Later, the nurse reported the incident to me. I said in response that it is one of the only times in life I would welcome my son grumbling. We laughed. Yes, indeed. We would rather Christopher grumble, or utter vulgarities, as he did not too long ago, than make no sound at all. While he seemingly lost his ability to speak after enduring TBI, recently staff have witnessed Christopher saying a few words on occasion. Almost any sound from Christopher’s vocal cords is a welcome signal and by no means meaningless to our ears, even if it entails some measure of suffering.

My son experiences some measure of pain when I do passive range of motion exercises for him. I apologize before and after stretching his feet, and right hand. For example, he grimaces and pulls his arms and hands toward his face when I pull back on his toes and stretch the arches of his feet. His feet have dropped considerably since the TBI. I will continue to stretch his feet whose muscles and joints are often rigid in hopes of increasing range of motion.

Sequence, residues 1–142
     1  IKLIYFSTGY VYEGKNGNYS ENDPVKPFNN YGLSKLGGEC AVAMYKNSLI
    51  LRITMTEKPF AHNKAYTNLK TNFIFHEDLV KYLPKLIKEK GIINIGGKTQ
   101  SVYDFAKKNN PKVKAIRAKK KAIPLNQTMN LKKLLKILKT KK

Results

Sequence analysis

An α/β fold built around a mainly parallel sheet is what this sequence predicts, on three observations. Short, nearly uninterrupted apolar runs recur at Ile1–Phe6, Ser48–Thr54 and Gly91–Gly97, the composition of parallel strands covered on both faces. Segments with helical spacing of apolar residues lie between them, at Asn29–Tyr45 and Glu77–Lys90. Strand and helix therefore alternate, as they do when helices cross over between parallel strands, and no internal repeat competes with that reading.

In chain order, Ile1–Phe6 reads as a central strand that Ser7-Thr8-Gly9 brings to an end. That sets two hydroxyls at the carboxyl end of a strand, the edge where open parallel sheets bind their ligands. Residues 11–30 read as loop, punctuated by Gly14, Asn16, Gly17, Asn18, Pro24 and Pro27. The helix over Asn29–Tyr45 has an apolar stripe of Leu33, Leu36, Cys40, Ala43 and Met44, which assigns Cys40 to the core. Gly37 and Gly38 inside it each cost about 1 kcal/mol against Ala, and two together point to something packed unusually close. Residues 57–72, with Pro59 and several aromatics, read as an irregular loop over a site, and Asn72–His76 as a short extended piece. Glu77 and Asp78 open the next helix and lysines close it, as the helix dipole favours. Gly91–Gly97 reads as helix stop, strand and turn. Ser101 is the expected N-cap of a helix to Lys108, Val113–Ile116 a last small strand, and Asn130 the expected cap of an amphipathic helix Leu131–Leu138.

While I wish my son did not endure pain, it is essential that I stretch his feet and other stiff limbs. Moreover, his hand and arm motions and grimaces during these stretching sessions inform me that he is feeling and responding to pain. He is not in a vegetative state. Christopher is alive, conscious, and is able to move and flex many of his limbs. Perhaps the pain clinic doctor can increase the baclofen pump dosage when his staff refills the pump this Tuesday to lessen the stiffness in trouble spots. Rigorous stretching, though sometimes painful, is far better than the extreme alternative—rigor mortis. Even better is when the baclofen assists with reducing the pain. Best yet is if these various efforts someday lead to Christopher walking again.